While skiing as a young teen, I was introduced to the
wonders of reusable handwarmers, which use supercooled
molten sodium acetate in some sort of exothermic
crystallization reaction to keep your extremities from
turning that nice shade of blue.
Vehicle catalytic converters do not perform
well at all until
they reach a certain light-off temperature, which is well
into the 400 to 600 F range. It takes a few minutes for
the exhaust temperatures at the converter to reach that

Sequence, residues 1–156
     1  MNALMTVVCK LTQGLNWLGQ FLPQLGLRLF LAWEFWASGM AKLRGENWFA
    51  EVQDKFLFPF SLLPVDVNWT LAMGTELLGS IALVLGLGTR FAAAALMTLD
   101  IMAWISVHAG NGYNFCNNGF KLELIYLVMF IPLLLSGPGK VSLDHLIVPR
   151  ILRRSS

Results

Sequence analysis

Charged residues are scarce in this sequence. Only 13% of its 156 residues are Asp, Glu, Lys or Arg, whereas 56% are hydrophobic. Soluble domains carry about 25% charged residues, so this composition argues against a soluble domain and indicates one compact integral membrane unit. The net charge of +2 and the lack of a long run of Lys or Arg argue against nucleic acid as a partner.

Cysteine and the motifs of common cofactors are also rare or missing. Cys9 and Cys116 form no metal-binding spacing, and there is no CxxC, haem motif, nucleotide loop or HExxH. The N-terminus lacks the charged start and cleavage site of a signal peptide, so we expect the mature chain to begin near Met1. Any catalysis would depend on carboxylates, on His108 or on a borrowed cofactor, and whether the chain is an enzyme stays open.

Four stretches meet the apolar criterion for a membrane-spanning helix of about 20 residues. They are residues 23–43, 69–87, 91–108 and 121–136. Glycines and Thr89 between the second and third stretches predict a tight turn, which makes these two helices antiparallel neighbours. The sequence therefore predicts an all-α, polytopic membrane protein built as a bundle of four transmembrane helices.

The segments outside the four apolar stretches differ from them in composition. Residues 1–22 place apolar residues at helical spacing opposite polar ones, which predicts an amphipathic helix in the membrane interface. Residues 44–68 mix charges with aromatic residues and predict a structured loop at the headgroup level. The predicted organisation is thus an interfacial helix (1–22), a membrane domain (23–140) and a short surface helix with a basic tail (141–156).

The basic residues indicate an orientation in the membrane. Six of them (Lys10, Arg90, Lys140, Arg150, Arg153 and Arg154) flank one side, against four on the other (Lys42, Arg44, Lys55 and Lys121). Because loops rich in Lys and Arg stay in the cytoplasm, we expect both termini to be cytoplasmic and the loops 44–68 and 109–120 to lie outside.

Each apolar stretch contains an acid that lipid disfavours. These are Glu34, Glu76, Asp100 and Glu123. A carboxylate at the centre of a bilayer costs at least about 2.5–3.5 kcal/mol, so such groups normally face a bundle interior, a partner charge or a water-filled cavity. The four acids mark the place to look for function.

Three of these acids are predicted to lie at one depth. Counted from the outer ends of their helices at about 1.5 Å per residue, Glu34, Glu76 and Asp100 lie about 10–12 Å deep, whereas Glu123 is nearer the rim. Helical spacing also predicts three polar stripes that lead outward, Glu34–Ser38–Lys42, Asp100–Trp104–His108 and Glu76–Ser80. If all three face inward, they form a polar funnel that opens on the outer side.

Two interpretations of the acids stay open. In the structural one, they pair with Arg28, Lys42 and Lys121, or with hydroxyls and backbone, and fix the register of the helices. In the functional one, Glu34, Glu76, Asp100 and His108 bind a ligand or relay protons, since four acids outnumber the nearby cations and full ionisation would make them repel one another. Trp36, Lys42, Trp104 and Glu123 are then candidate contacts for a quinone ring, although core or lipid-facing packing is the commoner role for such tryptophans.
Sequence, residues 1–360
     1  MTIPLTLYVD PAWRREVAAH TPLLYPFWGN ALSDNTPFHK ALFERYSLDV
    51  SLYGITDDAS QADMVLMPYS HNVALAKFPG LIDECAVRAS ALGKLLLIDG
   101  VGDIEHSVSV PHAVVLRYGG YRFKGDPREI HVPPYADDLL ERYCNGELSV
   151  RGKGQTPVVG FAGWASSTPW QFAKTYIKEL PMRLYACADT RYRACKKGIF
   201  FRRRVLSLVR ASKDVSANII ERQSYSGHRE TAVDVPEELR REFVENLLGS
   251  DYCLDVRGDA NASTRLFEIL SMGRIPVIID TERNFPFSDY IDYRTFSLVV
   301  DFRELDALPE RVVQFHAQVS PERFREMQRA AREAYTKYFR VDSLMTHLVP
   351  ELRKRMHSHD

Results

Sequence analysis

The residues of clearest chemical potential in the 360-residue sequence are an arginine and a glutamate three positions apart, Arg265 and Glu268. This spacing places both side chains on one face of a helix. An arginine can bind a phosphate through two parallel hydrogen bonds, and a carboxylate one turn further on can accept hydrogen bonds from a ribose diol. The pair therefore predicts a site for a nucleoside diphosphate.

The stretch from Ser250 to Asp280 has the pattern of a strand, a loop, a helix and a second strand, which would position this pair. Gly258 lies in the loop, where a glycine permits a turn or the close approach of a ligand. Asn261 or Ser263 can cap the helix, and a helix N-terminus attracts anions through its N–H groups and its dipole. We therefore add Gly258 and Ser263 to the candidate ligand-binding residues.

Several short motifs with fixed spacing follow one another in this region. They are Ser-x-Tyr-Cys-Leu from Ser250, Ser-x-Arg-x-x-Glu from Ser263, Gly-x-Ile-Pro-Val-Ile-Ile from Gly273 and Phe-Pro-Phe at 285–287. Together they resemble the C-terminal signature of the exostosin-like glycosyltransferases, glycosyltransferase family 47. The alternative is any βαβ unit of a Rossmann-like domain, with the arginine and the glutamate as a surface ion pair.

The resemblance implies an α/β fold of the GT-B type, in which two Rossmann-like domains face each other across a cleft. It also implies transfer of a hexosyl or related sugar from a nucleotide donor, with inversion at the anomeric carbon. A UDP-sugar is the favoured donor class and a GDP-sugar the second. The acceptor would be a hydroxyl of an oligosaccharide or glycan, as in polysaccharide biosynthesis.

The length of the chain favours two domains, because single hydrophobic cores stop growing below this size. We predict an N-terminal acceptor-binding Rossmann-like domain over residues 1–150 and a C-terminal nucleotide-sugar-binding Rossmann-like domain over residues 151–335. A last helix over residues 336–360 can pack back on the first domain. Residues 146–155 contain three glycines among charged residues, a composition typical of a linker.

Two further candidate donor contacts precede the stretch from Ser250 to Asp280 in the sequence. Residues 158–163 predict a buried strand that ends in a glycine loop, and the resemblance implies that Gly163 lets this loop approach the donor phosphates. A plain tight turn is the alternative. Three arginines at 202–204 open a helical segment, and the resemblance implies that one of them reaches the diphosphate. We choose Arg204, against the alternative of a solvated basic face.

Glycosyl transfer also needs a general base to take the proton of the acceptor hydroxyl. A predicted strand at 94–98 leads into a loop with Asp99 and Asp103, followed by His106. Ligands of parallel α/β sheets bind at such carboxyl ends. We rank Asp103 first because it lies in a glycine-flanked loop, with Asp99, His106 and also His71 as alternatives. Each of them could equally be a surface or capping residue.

temperature, and so a sizable portion of vehicle emissions
control is a function of getting the converter to
temperature as quickly as possible.
I am not a chemist, and am not certain that the
temperatures and available heat energy from a sodium
acetate reaction or a similar one would be that significant
in terms of improving catalytic converter warm-up times,
but I'm really quite curious to find out.